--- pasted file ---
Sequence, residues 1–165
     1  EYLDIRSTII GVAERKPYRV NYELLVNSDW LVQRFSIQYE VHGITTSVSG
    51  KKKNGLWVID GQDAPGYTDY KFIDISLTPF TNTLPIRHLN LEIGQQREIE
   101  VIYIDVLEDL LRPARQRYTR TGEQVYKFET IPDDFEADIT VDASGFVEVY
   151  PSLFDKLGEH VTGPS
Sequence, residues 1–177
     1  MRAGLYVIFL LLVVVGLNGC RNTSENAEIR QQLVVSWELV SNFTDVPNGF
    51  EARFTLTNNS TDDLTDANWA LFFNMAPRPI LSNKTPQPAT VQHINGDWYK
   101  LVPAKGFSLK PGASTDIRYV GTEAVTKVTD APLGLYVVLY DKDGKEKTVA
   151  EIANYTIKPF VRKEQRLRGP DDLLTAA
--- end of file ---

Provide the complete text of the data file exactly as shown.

Sequence, residues 1–165
     1  EYLDIRSTII GVAERKPYRV NYELLVNSDW LVQRFSIQYE VHGITTSVSG
    51  KKKNGLWVID GQDAPGYTDY KFIDISLTPF TNTLPIRHLN LEIGQQREIE
   101  VIYIDVLEDL LRPARQRYTR TGEQVYKFET IPDDFEADIT VDASGFVEVY
   151  PSLFDKLGEH VTGPS
Sequence, residues 1–177
     1  MRAGLYVIFL LLVVVGLNGC RNTSENAEIR QQLVVSWELV SNFTDVPNGF
    51  EARFTLTNNS TDDLTDANWA LFFNMAPRPI LSNKTPQPAT VQHINGDWYK
   101  LVPAKGFSLK PGASTDIRYV GTEAVTKVTD APLGLYVVLY DKDGKEKTVA
   151  EIANYTIKPF VRKEQRLRGP DDLLTAA